Risk is a perpetual force in every business environment, but the form it takes is constantly evolving and change can come from any number of environmental, political, commercial and technological sources.

How each individual organisation deals with this risk – the extent to which it is able to foresee its future, adapt positively to change, and quickly bounce back from any crisis or period of adversity – goes a long way to defining its long term success or failure.

Reacting to incidents as and when they occur remains a common approach to establishing organisational resilience, one that putting preventative measures in place to minimise the effects of disruption, or even stop it from happening, can supplement to a certain extent.

But nobody can predict the future or prepare against the unknown. In some cases it may be better to concede daily disruption as a normal state of affairs and rather than seek to maintain business processes, focus on delivering the adaptive capacity to change those business processes as appropriate.

Effective resilience involves supporting a decision-making strategy which transcends individual business divisions and job roles to gather information from, and promote collaboration between, every part of the organisation, for example. And making sure that for any one possible scenario a number of different options – not just plan A and B, but also C, D and E – are available to help mitigate against any unfavourable outcome and that alternative strategies are regularly tested tovalidate their effectiveness.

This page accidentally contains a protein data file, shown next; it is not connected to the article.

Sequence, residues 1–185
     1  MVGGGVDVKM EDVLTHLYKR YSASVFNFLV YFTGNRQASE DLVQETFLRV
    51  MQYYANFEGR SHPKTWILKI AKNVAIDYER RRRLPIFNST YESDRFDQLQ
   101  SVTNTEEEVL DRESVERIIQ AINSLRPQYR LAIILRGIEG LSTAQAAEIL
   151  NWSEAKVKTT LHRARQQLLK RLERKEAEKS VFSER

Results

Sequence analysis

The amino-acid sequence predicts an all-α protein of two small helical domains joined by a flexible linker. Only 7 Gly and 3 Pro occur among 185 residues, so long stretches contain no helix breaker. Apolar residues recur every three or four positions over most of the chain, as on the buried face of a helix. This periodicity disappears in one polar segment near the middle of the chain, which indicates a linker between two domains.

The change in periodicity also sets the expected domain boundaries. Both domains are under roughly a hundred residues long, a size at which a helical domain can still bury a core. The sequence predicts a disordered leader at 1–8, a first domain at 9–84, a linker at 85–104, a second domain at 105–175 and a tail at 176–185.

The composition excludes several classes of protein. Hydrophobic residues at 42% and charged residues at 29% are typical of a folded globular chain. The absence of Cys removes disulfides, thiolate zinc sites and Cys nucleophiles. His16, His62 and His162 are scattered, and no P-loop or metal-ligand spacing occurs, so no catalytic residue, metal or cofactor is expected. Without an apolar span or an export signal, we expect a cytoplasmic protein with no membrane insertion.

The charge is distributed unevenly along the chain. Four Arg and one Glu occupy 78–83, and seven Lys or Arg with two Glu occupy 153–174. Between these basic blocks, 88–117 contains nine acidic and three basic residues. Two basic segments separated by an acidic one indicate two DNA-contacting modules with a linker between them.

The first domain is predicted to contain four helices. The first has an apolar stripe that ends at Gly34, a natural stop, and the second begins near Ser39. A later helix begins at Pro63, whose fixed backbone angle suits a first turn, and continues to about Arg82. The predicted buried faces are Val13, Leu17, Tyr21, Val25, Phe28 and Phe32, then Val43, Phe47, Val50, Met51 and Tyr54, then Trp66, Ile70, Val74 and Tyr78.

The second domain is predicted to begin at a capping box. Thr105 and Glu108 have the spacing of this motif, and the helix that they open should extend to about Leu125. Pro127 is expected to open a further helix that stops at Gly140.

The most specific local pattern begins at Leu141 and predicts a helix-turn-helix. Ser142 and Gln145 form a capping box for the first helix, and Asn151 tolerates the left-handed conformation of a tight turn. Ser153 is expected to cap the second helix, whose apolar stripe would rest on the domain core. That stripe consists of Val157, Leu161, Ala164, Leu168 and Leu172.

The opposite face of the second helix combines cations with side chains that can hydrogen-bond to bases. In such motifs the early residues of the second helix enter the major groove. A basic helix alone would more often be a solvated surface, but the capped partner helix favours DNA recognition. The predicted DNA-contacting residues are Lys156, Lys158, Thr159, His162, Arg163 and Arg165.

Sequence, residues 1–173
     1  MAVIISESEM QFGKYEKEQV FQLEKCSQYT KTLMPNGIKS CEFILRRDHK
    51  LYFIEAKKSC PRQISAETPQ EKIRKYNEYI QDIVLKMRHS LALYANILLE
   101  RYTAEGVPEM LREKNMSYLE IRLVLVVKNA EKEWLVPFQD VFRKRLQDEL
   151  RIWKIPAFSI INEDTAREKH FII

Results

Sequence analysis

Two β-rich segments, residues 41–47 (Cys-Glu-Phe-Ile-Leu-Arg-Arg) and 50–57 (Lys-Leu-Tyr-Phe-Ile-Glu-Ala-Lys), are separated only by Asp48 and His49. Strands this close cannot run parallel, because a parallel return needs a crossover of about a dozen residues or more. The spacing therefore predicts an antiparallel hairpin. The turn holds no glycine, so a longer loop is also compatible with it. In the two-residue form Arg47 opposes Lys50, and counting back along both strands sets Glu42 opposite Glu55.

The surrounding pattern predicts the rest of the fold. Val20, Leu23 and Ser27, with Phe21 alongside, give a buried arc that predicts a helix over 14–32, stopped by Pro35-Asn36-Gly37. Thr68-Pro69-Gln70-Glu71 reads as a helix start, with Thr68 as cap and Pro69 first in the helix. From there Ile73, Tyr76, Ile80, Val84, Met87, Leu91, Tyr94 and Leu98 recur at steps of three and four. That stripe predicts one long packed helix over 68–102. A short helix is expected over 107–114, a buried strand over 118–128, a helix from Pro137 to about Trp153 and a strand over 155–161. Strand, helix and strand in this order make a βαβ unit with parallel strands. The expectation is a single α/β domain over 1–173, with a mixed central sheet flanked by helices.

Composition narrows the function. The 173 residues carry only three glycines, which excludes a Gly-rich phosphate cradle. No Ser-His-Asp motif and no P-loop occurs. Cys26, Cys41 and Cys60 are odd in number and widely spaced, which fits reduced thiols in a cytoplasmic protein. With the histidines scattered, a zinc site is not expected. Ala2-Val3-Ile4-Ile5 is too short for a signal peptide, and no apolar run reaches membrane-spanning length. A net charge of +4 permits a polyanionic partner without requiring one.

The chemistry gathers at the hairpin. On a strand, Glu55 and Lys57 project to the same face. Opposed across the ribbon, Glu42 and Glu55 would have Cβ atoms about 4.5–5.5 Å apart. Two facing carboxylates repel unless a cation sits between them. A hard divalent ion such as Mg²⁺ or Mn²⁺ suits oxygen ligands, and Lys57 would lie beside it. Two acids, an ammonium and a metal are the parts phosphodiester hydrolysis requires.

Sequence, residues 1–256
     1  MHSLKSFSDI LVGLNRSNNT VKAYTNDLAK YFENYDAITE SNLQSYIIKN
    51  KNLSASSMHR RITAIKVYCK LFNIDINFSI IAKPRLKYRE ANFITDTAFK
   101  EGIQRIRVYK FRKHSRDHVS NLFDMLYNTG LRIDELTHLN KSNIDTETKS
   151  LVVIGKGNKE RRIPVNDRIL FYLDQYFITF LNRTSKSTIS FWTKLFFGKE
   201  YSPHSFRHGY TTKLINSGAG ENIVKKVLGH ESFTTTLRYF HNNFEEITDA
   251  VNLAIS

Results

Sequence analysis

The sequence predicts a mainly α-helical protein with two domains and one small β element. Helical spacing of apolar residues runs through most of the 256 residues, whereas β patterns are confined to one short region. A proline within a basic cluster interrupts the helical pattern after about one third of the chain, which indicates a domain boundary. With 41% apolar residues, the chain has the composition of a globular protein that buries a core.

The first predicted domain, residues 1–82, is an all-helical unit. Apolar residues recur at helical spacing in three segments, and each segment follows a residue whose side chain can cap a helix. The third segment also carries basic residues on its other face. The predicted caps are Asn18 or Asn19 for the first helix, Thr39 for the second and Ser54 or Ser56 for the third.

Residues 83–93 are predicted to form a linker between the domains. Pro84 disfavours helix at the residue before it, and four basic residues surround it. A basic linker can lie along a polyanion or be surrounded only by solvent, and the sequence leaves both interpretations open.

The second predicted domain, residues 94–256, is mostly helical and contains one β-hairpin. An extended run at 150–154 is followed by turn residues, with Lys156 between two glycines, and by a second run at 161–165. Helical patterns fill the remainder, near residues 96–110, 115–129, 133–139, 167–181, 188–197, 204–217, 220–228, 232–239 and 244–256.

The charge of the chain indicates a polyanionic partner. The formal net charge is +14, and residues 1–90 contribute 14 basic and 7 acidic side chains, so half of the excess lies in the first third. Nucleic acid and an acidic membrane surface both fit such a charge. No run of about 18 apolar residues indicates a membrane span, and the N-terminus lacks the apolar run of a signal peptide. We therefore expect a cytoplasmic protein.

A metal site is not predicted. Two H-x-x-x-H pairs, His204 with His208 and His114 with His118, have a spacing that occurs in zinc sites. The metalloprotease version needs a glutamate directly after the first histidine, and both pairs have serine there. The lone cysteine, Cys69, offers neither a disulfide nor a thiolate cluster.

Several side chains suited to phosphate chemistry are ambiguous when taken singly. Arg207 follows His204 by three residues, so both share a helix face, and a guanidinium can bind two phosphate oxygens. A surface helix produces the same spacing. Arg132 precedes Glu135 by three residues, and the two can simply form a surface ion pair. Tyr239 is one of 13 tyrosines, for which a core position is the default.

Leadership and innovation can also play a pivotal role when it comes to the filtration of new ideas and positive thinking across the organisation. IDG Connect interviewed 100 IT decision makers working for large organisations in the UK to analyse how individual job roles see resilience from different perspectives and assess the extent to which resilience is being hampered by any lack of support from the IT department.

The majority of those polled (69%) worked for organisations employing 1,000 people or more. Respondents worked in a broad range of verticals, with software computer services (12%), finance (11%) and retail (9%) all well represented. An even split of IT managers and directors (40%) and C-level executives (43%) took part, with vice presidents, senior vice presidents and executive vice presidents making up the remainder.

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